Al-Maeena says it himself: “The time has come for us to look more closely at ourselves, to look honestly and analytically and to admit whatever we see — which will in many cases be painful to us.” Just so. He even hints that he may be aware of the true dimensions of the problem: “A vital part of the success of this process depends upon our boldness in speaking out and challenging those who present and advocate ideas dressed in traditional language but which in fact too often run contrary to the best Islamic ideals of justice, fair play and tolerance.”

He said it even more clearly in an earlier column about September 11:

The fact that those responsible for the attacks were allegedly our fellow Muslims and perhaps even our fellow Saudis should make us stop and ponder. We must ask ourselves for reasons. Who were these people? Why did they do what they did? What led them down that path? The first two questions are probably the easiest; it is the third which may take us into regions we do not want to visit and force us to ask unpopular questions which may give rise to even more unpopular answers. But this must be done — coolly, calmly and as unemotionally as possible. We must investigate and if, in the course of our investigation, we stumble upon things that are unpleasant or unpalatable, we must confront them as honestly and sincerely as we can and then act according to the principles and directions of our great religion, Islam.

It is precisely this capacity for self-criticism that has been glaringly absent from Islam’s internal debate, both among American Muslims and those in the Islamic world. To take just one recent example: When asked about the fact that Muslim radicals make liberal use of the Koranic verse that calls Jews and Christians “apes and swine” and says that they are under the curse of Allah (Sura 5:60), Hussein Ibish of the American-Arab Anti-Discrimination Committee relied on American ignorance of Islam and simply denied that such a verse was actually in the Koran. Then he took a page from Al-Maeena’s Zionist demonization clique and suggested that those who asked such questions were simply bigots.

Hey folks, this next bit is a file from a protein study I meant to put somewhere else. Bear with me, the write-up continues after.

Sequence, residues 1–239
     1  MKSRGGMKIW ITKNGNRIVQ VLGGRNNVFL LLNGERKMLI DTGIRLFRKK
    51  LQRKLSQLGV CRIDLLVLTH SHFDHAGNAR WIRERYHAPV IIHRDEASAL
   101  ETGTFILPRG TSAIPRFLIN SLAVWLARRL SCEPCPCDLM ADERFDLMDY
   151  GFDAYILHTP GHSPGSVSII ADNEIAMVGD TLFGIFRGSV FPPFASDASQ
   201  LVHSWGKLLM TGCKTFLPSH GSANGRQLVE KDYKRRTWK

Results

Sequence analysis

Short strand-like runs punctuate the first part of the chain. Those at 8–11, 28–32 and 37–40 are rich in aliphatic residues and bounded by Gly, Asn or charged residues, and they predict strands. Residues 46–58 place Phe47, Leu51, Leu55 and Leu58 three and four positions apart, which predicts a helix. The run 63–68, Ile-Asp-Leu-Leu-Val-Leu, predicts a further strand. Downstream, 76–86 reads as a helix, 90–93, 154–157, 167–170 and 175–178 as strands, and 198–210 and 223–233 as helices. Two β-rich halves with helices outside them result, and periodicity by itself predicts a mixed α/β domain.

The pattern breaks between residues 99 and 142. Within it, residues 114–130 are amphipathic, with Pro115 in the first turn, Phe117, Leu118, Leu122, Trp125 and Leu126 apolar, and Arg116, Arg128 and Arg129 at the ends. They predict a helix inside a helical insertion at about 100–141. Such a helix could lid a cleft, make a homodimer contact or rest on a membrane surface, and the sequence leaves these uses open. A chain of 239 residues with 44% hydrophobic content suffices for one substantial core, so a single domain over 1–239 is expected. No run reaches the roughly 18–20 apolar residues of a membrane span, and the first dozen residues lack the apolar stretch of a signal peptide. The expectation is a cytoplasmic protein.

At that moment Ibish had an opportunity to explain that verse in a way that would remove its noxious implications and discredit the radicals who take it at face value. The fact that he chose instead to deny the existence of this verse raises questions about his ultimate goal. Does he want to instill in Americans a positive image of Islam at any cost — even at the expense of the truth?

In dealing with uncomfortable matters in this way he insults both Muslims and non-Muslims. By ignoring Koranic passages like Sura 5:60 and the book’s many calls to violence, moderate Muslims only give non-Muslims reason to suspect their intentions and honesty.

The time for this kind of dishonesty is long past. Too much is at stake. Instead of spending time imagining Zionist conspiracies and demonizing those who dare to ask Al-Maeena’s “unpopular questions,” let us hope that in this new year Al-Maeena and other like-minded Muslims will take their own exhortations to honesty and searching self-examination to heart.

— Robert Spencer is an adjunct fellow with the Free Congress Foundation and author of Islam Unveiled: Disturbing Questions About the World’s Fastest Growing Faith.